Wireless at Home: Securing You Personal Network

Wireless at Home: Securing Your Personal Network

So, you have finally gone wireless and embraced computer mobility at home. Unfortunately, you have also exposed yourself to a myriad of network piggy backers, hackers, and personal-identity predators. Because home wireless users are responsible for their own network security, you should take extra care in protecting your wireless network against everything from neighbors pirating your Internet connection to full-scale identity theft.

Router-side Security

Routers operate much like the archaic telephone operators of a technologically simpler time: they decide where data will be sent and find the most direct path from one network to another. They also manage the flow of online traffic and function as a bridge that allows information passage to and from your computer. It is important to ensure your personal information is inaccessible to others and your computer is protected. Here are some suggestions to help safeguard your home computer and wireless network.

  • Check the reference manual that came with your wireless router to see what security features are available and how to activate them.
  • Secure your network with a complex password by choosing a variety of numbers, letters, symbols, and non-dictionary words. Longer passwords will also increase your security level.
  • Do not allow your router to broadcast your network's Service Set Identifier (SSID). Your SSID is the network code that specifies your own personal wireless connection. The router's default setting may allow any computer within range of your network to view your SSID, which gives other people the ability to log on to your network without your knowledge. Preventing open access to your wireless network will discourage rogue surfers by forcing users to enter the codename.
  • Implement a Media Access Control (MAC) address filter. Every wireless-capable computer has a unique MAC address that allows yo u access to your network. Most routers come with a MAC address filter that restricts access to just the addresses of your choice, enforcing a very secure method of filtration.
  • Encrypt the data transferred across your network. Not all routers are encryption savvy, so check for this feature and make sure to activate it.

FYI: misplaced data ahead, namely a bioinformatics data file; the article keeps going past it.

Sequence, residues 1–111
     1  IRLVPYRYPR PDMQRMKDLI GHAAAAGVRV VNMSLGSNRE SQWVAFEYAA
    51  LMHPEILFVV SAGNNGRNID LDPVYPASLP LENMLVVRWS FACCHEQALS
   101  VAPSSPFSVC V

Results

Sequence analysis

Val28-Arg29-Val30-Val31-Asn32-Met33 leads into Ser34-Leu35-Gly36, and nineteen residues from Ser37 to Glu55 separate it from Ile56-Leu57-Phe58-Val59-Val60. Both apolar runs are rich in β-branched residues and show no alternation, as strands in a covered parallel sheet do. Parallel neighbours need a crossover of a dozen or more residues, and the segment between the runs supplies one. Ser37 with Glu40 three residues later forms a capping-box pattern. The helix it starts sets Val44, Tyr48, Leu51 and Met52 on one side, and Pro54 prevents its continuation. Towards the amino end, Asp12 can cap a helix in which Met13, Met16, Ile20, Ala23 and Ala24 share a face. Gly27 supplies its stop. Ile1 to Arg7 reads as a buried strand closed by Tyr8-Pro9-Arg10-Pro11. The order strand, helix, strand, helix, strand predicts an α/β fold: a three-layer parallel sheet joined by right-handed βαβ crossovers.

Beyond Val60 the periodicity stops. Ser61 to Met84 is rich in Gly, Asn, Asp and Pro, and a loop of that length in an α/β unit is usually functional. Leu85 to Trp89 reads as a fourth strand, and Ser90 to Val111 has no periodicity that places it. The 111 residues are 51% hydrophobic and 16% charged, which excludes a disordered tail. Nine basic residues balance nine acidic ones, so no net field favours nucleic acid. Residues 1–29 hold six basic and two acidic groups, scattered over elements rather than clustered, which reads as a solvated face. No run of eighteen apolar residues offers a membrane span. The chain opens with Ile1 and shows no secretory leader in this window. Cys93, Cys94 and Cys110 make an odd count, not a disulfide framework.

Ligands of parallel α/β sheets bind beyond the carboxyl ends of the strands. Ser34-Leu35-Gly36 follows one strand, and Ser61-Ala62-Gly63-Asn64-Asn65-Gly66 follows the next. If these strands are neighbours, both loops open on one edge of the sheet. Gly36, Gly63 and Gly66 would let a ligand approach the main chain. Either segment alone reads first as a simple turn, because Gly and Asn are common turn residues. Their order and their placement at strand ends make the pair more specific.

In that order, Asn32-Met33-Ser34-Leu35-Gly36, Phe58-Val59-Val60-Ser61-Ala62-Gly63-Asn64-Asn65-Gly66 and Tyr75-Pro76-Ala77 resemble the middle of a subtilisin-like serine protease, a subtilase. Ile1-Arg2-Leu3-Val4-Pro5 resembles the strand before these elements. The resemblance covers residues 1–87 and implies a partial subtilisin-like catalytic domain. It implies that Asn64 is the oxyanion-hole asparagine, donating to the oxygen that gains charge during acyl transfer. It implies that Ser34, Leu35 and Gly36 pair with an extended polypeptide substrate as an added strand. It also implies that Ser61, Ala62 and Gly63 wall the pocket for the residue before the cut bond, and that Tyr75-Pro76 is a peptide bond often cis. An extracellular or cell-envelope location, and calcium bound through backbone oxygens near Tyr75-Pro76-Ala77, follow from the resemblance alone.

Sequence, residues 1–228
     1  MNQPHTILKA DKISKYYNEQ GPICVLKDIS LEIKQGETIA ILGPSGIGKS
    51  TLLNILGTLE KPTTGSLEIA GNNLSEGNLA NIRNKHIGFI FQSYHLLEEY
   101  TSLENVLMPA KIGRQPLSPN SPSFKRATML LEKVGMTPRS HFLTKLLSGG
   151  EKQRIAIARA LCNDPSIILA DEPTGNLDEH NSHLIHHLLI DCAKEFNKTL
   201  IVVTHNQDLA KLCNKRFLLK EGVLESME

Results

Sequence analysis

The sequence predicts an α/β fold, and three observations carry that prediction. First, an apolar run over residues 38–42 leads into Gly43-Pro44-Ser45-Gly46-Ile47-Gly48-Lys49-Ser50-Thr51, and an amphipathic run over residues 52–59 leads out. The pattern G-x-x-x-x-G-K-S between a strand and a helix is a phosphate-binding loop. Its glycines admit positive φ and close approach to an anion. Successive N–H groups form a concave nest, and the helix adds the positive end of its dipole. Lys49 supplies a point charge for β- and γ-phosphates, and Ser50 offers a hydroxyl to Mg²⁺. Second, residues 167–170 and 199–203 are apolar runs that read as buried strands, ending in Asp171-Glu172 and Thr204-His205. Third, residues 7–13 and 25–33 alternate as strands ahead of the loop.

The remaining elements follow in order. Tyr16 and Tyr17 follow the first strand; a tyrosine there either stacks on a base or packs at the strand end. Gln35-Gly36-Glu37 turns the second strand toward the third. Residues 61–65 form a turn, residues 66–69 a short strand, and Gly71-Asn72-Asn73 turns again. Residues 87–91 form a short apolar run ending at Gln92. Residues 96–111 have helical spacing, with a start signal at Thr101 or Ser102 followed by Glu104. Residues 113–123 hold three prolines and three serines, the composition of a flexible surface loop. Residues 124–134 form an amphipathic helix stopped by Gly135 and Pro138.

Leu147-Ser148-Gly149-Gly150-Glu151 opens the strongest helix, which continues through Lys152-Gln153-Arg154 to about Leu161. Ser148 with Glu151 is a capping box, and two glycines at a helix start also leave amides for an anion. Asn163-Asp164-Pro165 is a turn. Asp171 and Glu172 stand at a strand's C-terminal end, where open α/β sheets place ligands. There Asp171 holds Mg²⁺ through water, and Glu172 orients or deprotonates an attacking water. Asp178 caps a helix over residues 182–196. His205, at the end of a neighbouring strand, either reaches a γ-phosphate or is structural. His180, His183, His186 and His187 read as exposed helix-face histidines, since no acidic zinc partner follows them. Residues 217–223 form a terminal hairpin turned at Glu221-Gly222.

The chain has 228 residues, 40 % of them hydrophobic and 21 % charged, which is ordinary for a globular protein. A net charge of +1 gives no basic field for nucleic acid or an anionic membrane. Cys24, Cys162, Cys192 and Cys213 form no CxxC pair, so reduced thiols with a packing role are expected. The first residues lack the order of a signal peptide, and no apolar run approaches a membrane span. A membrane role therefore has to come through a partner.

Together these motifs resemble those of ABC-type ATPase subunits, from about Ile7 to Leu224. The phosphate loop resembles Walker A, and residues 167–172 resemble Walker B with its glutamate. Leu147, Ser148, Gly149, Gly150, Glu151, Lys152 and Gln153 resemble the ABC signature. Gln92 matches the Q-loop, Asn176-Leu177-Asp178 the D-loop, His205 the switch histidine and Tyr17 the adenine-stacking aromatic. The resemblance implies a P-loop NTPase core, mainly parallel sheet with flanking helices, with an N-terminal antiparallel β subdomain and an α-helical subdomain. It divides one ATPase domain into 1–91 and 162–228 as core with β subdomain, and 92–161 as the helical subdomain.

• If possible, limit the network transmission distance of your wireless router to your apartment or home.
  • Visit the manufacturer's online support page for security information. Most router manufacturers offer tips on security configurations for their products, plus information about activating advanced security features. Some manufacturers also offer email support via their Web sites. The online support pages may also identify any security patches that need to be applied to your wireless router.
Protecting your computer

  • Use a software firewall. Firewalls included in your operating system (i.e., Windows XP or OS X), sufficiently protect your computer. If your computer does not have a software firewall, try installing ZoneAlarm by Zone Labs or Norton Personal Firewall by Symantec.
  • Be sure to turn off your wireless connection when not in use. Many laptops remain connected to the closest, open wireless network by default.
  • Keep your computer's operating system and applications secure by applying vendor security patches and regularly updating your anti-virus programs.
    • Only you should decide who is allowed access to your computer. Take the time to guard your information and keep your home network secure. The extra barriers you create and precautions you take to build a protected environment for your personal home network and computer will help keep your network connection clear, your personal identity hidden, and your information safe.